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Article
January 1945

ABNORMALITIES OF PIGMENTATION IN THE NEGRO

Author Affiliations

PHILADELPHIA

From the Division of Dermatology and Syphilology, Graduate School of the University of Pennsylvania, F. D. Weidman, M.D., Vice Dean; the Department of Dermatology, Graduate School of the University of Pennsylvania, H. J. Smith, M.D., Chief; the Division of Dermatology and Syphilology, Temple University School of Medicine, C. S. Wright. M.D., Chief, and the Philadelphia General Hospital, J. V. Klauder, M.D., Chief.

Arch Derm Syphilol. 1945;51(1):1-9. doi:10.1001/archderm.1945.01510190006001
Abstract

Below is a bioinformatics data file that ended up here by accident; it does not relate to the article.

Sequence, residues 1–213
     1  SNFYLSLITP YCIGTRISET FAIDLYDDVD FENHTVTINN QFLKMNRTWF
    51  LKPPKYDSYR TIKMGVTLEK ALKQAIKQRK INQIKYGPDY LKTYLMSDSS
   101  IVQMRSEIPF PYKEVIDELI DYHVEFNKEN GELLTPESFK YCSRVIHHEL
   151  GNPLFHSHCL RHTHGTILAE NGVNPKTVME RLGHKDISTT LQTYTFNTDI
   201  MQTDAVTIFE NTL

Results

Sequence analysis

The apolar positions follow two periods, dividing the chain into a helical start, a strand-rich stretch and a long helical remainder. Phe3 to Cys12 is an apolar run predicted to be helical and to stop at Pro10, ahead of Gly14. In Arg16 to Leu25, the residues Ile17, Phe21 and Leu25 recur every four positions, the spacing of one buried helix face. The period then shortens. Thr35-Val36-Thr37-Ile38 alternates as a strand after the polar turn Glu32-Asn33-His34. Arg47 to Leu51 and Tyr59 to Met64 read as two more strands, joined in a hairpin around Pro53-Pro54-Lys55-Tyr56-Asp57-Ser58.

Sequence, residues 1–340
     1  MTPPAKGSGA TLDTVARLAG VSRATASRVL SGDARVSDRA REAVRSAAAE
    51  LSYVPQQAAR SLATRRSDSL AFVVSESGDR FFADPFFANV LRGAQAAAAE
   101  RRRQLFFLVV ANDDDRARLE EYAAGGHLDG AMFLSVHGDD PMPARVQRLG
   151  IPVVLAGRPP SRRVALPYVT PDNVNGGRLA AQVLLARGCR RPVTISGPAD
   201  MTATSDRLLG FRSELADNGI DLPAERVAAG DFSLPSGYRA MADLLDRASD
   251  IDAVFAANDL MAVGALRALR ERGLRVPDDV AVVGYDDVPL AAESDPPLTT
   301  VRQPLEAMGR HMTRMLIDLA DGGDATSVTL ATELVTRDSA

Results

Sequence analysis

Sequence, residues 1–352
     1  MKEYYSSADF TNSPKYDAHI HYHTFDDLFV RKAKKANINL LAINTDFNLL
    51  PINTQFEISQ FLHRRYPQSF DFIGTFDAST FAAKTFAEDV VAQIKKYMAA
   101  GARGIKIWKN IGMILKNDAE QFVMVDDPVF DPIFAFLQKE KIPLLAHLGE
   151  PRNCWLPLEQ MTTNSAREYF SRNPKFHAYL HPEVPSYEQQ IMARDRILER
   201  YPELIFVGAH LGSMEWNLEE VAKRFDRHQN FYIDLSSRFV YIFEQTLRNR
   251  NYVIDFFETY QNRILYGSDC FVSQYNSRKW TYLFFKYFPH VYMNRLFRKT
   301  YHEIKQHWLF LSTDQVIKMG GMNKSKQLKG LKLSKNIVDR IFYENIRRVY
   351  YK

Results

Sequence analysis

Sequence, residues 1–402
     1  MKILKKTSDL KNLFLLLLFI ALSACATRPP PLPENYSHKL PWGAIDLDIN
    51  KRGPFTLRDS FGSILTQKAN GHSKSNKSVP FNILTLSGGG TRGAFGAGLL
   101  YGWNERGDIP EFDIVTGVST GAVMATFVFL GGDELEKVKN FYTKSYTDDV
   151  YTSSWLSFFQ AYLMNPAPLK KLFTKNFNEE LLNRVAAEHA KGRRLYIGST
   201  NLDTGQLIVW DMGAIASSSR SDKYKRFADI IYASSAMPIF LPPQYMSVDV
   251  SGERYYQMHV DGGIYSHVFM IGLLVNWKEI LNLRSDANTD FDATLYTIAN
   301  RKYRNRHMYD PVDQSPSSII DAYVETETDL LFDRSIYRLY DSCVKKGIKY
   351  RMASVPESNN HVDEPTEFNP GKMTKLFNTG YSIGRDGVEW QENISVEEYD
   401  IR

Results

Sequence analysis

Although the study of the diseases of the skin in Negroes constitutes a most interesting specialty, this particular branch of dermatology has been largely neglected. The skin of persons of the Negro race differs from that of members of the white race not only in structure and physiology but in its reaction to trauma and infection. In the present article it is my intention to deal with only one phase of cutaneous disease in Negroes, namely abnormalities of pigmentation. For a better understanding of the latter, however, it will be necessary to consider briefly the history of the black race in the United States. In addition, certain personal experiences will be reported. These comprise a study of the incidence of mongolian blue spots in infants, together with the identification from pigmentation of white and Negro infants. Also, the collected literature on the abnormalities of pigmentation in Negroes

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